Butler has records galore in practically every format: 45s, 10- and 12-inch LPs and even those old 78s my parents once danced to.

Many of Butler’s records have already been boxed up. One basement room has boxes stacked floor to ceiling, five rows deep. The main floor is a tangle of record stacks and more boxes. A similar landscape awaits anyone who ventures upstairs.

“I do like most everything,” Butler said. “I’m so eclectic.”

No kidding. Butler’s albums run from The Monkees to Thelonious Monk. He’s got Frank Sinatra and Frank Zappa.

What a scene. Marlon Brando’s brooding face stares out from the cover of “Jazz themes from The Wild One.”

There’s Coleman Hawkins and Carl Perkins. There’s an album of Miles Davis playing Porgy and Bess.

There’s simply too much to absorb in one visit.

Ray Charles. Jerry Lee Lewis. Dave Brubeck. Elvis Presley. Roy Orbison. Benny Goodman. Peter Frampton. Bing Crosby. Chet Baker. T-Bone Walker…

Butler laughed.

“If something is good,” he said, “it can only be better by having more.”

Butler is a soft-spoken man. He has deliberately held onto his sense of humor, he said, so as not to succumb to his bleak situation.

Butler’s hair is a bit long and mostly gray. He wore a loose plaid shirt, black pants and sandals. His big toe poked out of a hole in his white sock, the left one.

Butler is a walking encyclopedia of music, especially when it comes to his favorite idioms: rock and roll and jazz.

Near the front door, he stopped and picked up an album by an artist named Richard “Popcorn” Wylie. “This is a rare one,” he said, offering a brief history. Wylie “was a football player. He didn’t care about royalties…”

Butler’s music liner notes would start at age 9. That’s when the Spokane kid fell in love with music and began his lifelong hobby of collecting records. The group that first won his heart was The Four Aces, a vocal quartet with a signature shuffle beat.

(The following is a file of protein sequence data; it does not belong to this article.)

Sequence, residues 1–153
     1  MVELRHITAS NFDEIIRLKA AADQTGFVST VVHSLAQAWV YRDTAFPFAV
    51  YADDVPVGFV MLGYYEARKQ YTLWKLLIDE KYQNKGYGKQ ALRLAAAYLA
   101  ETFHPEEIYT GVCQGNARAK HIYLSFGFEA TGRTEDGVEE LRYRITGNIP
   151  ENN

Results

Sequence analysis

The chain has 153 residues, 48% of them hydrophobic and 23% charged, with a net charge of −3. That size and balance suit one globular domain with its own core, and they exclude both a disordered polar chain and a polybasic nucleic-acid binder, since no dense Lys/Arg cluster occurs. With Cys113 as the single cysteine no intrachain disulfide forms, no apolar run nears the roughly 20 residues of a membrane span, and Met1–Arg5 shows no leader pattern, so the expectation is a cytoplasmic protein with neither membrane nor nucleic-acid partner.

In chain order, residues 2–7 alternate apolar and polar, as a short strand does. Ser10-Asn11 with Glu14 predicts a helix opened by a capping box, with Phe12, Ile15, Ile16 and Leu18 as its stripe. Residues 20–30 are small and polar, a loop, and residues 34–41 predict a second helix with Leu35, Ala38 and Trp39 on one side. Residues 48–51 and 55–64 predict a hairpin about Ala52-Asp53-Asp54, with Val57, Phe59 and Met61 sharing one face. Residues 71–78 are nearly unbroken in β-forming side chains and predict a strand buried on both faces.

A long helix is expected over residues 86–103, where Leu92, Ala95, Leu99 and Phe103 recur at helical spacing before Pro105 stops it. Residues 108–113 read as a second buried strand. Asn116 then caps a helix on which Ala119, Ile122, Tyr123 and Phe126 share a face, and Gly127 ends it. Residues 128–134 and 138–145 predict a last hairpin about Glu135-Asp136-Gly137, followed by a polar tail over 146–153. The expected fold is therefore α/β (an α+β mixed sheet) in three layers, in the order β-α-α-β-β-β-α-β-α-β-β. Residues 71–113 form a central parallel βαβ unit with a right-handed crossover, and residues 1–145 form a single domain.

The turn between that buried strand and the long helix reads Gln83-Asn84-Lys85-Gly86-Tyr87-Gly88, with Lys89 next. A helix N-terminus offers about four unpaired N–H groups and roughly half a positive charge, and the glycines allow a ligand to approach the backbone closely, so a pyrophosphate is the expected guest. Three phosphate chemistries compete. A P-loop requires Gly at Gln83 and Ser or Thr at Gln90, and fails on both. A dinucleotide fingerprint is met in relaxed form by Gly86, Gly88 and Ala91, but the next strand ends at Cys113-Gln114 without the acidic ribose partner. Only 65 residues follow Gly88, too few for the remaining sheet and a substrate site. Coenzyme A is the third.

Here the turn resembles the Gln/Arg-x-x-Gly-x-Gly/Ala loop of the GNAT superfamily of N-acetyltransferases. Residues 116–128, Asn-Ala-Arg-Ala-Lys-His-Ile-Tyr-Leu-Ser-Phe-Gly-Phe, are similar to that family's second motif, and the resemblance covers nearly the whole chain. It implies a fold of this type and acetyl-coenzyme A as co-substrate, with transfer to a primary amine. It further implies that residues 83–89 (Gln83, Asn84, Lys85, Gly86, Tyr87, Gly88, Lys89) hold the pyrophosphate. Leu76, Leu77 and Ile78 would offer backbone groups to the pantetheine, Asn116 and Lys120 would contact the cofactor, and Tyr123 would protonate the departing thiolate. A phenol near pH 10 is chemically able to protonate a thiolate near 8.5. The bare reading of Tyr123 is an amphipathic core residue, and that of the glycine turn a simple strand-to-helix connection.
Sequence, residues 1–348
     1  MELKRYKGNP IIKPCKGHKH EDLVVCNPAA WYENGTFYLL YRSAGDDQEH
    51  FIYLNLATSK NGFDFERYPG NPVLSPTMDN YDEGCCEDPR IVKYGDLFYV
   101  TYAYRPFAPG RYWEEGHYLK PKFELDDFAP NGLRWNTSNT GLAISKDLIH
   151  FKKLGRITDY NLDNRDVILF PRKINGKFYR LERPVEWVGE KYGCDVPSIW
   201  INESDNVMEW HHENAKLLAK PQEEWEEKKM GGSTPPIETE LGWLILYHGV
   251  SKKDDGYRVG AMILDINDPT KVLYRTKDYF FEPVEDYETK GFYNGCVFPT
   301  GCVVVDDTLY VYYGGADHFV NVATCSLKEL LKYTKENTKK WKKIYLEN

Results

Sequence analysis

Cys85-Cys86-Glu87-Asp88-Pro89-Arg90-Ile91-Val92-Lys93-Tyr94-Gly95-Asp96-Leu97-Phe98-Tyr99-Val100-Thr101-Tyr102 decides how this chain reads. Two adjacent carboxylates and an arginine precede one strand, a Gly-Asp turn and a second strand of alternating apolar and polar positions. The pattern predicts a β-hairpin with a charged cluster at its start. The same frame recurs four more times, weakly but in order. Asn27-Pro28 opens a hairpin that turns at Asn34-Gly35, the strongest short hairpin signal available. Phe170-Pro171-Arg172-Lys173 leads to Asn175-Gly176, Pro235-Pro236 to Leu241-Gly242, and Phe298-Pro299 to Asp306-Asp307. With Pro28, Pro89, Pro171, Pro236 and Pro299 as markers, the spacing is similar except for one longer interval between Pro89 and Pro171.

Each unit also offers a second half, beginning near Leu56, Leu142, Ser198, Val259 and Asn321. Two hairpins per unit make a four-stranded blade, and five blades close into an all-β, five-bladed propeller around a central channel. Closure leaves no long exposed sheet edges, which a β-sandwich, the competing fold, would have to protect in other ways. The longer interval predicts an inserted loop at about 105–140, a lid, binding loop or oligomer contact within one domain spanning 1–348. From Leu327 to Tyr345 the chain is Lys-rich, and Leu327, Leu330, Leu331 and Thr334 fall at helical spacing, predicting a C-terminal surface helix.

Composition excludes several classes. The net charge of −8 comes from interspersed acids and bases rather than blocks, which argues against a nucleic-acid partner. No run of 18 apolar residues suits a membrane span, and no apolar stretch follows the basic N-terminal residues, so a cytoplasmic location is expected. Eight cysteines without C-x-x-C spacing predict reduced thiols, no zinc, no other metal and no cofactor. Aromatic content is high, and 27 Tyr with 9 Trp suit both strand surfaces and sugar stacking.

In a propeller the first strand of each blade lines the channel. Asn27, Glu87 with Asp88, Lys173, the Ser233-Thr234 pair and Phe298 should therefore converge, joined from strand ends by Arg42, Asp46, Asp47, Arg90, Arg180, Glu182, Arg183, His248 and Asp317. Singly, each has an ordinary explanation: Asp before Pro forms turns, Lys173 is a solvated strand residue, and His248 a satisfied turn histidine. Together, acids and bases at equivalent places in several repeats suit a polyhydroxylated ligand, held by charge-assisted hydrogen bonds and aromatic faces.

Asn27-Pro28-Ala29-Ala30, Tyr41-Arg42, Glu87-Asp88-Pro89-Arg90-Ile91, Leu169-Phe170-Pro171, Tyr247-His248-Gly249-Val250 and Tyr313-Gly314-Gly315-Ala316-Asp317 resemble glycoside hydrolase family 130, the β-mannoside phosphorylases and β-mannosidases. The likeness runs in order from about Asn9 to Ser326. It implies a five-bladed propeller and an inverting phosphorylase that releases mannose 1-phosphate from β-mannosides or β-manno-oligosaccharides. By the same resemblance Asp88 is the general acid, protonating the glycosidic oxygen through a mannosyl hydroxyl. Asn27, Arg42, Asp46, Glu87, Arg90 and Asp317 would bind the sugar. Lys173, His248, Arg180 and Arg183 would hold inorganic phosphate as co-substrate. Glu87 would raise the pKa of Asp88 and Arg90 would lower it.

The year was 1951. Popular music was still civilized and sedate. In a few years, however, an explosion would take place in a Memphis recording studio and the world would never quite be the same.

Butler was a student at Lewis and Clark High School when that Elvis bomb went off.

He decided to take up the piano. To his delight, he found that all the hours he had spent listening to records had given him a fine musical ear.

He joined a band that, after a name change, became The Frogs.

“We were actually the first animal group,” he said with a laugh. “We were going to have lily pads and wear green tuxedos.”

Butler said he would love to see his collection become a reference library for musicians.

Better yet, Butler could sell it all. That could take away some of the sting out of losing a house. It would give a single man something to live on in his old age.

Butler has no idea what kind of nest egg his collection would provide. But he does know what it represents.

“That’s the history of rock and roll,” said Butler, waving a hand at a random stack of boxes. “And the history of jazz, too.”

Doug Clark is a columnist with The Spokesman-Review. He can be reached at (509) 459-5432 or by e-mail at